The first thing that strikes you about the Chinatown arch is how huge it is, four stories high, spanning Charlotte Street at the corner of Park Street, in Port of Spain.
The second thing is how upset, nay outraged, local residents, vendors and passers-by are at the structure. The many comments overheard largely suggested that people feel they were being dominated or even pushed out by this new reaffirmation of the Chinese presence.
People were livid even as a construction crew of about five or six Chinese workmen put the finishing touches in the installation. They were so angry that it would not have even occurred to them to analyse the aesthetics of the design.
A woman aged about 60 who gave her name only as Cheryl said, “The Chinese and them shouldn’t have Chinatown in Trinidad. It should have no Chinatown. Charlotte Street does not belong to the Chinese…Chinatown could be in America and all those countries because it’s a different culture, but not here.”
A young woman walking past with babe in arms muttered in upset, “The Chinese take over the town.” Two elderly woman heading north spoke, one saying, “This is Trinidad. Why them Chinese have to come to Trinidad to take over?” A young man shouted to a male friend cycling past on a bicycle, “We gone through boy.” Two middle-aged men individually told Newsday they had no thoughts on the arches.
A woman added, “People are not pleased at all. They feel they are being pushed out of the country as Africans and Indians, the two majority groups.”
The woman also reckoned that the reaction to the second arch when installed at lower Charlotte Street soon would provoke even stronger reactions, due to an overall harsher mood/mind-set at Independence Square. “People feel they don’t have a say. They feel pushed out and that these Chinese are taking over, without anybody having a say…Everybody’s reaction was not pleasing. A few liked it but most did not like it.”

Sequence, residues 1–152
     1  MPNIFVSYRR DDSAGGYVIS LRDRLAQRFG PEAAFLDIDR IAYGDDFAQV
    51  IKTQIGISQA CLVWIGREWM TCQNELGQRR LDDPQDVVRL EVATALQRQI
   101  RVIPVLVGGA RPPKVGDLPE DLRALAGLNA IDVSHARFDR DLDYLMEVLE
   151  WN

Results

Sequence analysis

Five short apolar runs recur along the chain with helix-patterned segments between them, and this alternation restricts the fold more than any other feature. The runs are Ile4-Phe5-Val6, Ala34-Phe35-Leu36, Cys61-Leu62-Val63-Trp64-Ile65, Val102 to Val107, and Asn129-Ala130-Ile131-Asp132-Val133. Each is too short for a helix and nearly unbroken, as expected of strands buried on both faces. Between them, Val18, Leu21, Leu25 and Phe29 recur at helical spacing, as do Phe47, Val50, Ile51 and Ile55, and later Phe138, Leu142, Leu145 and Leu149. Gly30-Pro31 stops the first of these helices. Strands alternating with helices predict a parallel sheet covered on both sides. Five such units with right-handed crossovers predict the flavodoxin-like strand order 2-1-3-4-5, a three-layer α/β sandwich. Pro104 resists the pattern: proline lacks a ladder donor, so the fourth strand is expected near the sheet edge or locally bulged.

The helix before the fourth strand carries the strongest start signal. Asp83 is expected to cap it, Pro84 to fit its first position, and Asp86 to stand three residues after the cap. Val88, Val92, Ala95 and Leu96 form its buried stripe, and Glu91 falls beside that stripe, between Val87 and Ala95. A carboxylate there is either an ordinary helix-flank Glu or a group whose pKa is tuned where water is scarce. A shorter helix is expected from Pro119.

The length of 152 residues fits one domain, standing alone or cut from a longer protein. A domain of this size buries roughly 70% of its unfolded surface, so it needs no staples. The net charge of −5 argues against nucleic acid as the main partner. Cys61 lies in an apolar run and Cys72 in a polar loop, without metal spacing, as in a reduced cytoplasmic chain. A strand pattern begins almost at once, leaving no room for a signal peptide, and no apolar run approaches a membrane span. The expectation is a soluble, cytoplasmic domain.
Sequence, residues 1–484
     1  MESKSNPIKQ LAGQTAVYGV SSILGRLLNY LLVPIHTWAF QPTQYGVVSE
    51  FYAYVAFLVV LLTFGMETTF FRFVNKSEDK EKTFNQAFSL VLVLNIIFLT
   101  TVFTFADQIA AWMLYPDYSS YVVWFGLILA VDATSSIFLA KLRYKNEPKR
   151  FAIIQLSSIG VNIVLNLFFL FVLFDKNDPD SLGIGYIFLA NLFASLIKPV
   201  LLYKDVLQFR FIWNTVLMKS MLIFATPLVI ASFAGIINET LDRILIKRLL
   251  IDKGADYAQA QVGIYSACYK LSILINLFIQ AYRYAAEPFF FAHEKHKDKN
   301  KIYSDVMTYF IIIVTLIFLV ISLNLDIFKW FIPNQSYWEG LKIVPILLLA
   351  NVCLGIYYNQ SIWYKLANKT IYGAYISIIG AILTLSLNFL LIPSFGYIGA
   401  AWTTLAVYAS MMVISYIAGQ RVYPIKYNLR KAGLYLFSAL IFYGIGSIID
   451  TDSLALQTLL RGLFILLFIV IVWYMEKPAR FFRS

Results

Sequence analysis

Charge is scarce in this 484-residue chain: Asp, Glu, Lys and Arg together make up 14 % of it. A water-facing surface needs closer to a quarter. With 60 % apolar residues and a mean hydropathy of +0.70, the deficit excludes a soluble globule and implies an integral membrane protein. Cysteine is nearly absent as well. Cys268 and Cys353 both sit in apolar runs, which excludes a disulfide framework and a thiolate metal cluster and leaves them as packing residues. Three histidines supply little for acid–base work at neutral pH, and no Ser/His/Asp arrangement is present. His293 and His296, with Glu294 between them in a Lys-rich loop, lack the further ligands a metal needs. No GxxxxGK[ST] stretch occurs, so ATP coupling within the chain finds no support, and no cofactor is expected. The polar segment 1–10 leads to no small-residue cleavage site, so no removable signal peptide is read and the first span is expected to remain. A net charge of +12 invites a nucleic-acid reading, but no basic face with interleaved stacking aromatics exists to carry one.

She said a consultation had been held at City Hall but claimed it had been poorly advertised and then poorly attended. Those who attended had felt the installation had been a done deal over which residents in fact had no say. “Everybody is cursing about this,” she said.
There was some concern the run-off of rainwater could be blocked by the arch columns installed in the curb-side drains.
On the other hand, Port of Spain Mayor Joel Martinez said that the arches would create a space that could bring tourism plus cultural and economic benefits to the area. “The arches are more than just a physical beautification but show a bright relationship between TT and China, with room to grow.”
He said a second arch at lower Charlotte Street would be installed within days, after which a formal launch would be held.
“We had started discussions to twin Port of Spain with Shanghai, and this is one of the benefits to come out of it.” Martinez said the arches were made in Shanghai.
“There is no cost to the City of Port of Spain.” The deal was done through the Chinese Embassy in Port of Spain. “I’m rather proud of what I’ve seen. It has a lot of meaning for me.”